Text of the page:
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Newtown Massacre Prompts Security Changes in Sudbury Schools

An anonymous donor offers to cover the costs of improving security at the front doors of Sudbury’s four elementary schools

At its first meeting of 2013, the Sudbury Public Schools Committee heard from concerned parents wondering about improved security procedures in Sudbury schools in the wake of a horrific massacre at an elementary school in Newtown, Conn. on Dec. 14, in which a 20-year-old gunman was able to kill 20 first-graders and six educators before committing suicide.

“We’re not going to discuss specific plans in public, or in front of the cameras, but it will be addressed in executive session,” said Committee Chair Rich Robison, who said the purpose of being vague about the specifics of security measures is to avoid tipping off someone who may be looking for a way to circumvent those measures.

Several parents urged the committee to lock the front doors of the public schools during school hours.

“If you lock the doors, it will at least slow down someone,” resident Paul Landry said. 

Landry and others said they agree with the decision not to release security details in public where they could be misused by someone intent on causing harm.

Committee members said they planned to vote on the issue of locked doors during their executive session following the regular meeting, but indicated that they favor moving in that direction.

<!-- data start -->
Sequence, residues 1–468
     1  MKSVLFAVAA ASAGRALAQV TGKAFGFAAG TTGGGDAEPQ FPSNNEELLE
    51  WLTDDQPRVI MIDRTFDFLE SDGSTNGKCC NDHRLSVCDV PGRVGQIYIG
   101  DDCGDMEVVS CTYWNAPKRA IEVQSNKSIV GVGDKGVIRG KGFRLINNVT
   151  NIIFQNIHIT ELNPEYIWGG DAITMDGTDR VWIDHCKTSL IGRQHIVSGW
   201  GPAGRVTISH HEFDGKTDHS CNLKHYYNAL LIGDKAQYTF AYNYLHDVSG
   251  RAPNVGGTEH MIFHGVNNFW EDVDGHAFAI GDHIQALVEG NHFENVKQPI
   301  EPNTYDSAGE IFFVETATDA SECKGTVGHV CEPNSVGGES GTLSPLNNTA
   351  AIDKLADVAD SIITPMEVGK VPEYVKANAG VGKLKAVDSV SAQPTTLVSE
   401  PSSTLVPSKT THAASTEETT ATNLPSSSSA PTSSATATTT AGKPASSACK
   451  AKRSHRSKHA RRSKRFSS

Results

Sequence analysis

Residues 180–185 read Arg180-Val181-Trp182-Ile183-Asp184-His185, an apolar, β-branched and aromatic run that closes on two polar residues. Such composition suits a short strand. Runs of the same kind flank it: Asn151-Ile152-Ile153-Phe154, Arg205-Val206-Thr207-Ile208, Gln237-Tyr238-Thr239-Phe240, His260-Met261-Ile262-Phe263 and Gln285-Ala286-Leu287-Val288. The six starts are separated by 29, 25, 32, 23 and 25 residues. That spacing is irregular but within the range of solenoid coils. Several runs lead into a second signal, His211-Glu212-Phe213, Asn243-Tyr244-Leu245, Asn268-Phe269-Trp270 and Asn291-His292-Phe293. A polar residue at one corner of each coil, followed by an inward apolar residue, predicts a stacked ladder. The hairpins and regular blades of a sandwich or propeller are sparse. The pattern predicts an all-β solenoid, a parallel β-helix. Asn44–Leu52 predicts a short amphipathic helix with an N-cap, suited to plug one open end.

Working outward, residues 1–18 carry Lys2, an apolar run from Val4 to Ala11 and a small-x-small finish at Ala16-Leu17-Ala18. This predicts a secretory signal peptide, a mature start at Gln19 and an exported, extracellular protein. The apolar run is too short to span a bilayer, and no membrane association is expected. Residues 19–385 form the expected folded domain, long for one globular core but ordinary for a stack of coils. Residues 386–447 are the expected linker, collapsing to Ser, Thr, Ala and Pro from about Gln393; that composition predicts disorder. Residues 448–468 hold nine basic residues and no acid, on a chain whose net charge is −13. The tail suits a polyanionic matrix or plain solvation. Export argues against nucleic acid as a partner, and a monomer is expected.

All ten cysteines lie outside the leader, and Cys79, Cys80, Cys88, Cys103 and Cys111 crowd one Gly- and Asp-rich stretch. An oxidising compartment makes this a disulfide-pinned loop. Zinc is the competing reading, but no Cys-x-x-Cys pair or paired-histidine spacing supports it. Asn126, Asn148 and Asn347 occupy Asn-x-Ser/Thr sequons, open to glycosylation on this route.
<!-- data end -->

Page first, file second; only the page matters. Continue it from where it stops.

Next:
“I am very pleased to announce that we have an anonymous donor who is willing to cover the costs of improving the security at the front doors of the four elementary schools,” said Superintendent Anne Wilson, who described the offer as “very generous.” She said officials have spent the last few weeks gathering estimates for new security devices at the front doors, but still need to clarify whether the district is legally allowed to bypass the usual bidding process for the work, which she said would slow the project down. 

“There will be a noticeable change. But a school can feel very welcoming with a locked door,” Wilson said. “A locked door, or an unlocked one, is not what determines whether a school is welcoming.”

Lt. Scott Nix of the Sudbury Police Department attended the meeting and said residents with questions, concerns or suggestions about security following the Newtown massacre are welcome to contact him. Some individuals have already done so, he said.

Reports indicated that the front doors of Sandy Hook Elementary were locked when Adam Lanza used a powerful assault weapon to shoot his way through the doors and gain entrance into the building.

LessIsMore January 03, 2013 at 04:41 PM
Yet an other reminder of the overbearing meddling of government. We can not quickly improve the security of our schools at no cost to the town because of bidding rules. Sad but true. How did we end up here? I want to thank the individual that has offered to cover the costs. A very generous and well meaning offer. Thank you.

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